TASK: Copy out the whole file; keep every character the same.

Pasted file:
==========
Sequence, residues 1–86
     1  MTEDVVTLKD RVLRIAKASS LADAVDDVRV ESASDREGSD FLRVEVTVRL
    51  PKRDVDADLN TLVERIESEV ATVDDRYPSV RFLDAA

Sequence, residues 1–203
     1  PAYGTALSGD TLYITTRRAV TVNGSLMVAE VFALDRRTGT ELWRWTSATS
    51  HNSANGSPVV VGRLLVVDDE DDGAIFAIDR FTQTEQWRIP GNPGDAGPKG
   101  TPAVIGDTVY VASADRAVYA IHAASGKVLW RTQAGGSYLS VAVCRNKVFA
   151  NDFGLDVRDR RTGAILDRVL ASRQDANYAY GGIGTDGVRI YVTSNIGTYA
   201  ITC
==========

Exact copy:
Sequence, residues 1–86
     1  MTEDVVTLKD RVLRIAKASS LADAVDDVRV ESASDREGSD FLRVEVTVRL
    51  PKRDVDADLN TLVERIESEV ATVDDRYPSV RFLDAA

Sequence, residues 1–203
     1  PAYGTALSGD TLYITTRRAV TVNGSLMVAE VFALDRRTGT ELWRWTSATS
    51  HNSANGSPVV VGRLLVVDDE DDGAIFAIDR FTQTEQWRIP GNPGDAGPKG
   101  TPAVIGDTVY VASADRAVYA IHAASGKVLW RTQAGGSYLS VAVCRNKVFA
   151  NDFGLDVRDR RTGAILDRVL ASRQDANYAY GGIGTDGVRI YVTSNIGTYA
   201  ITC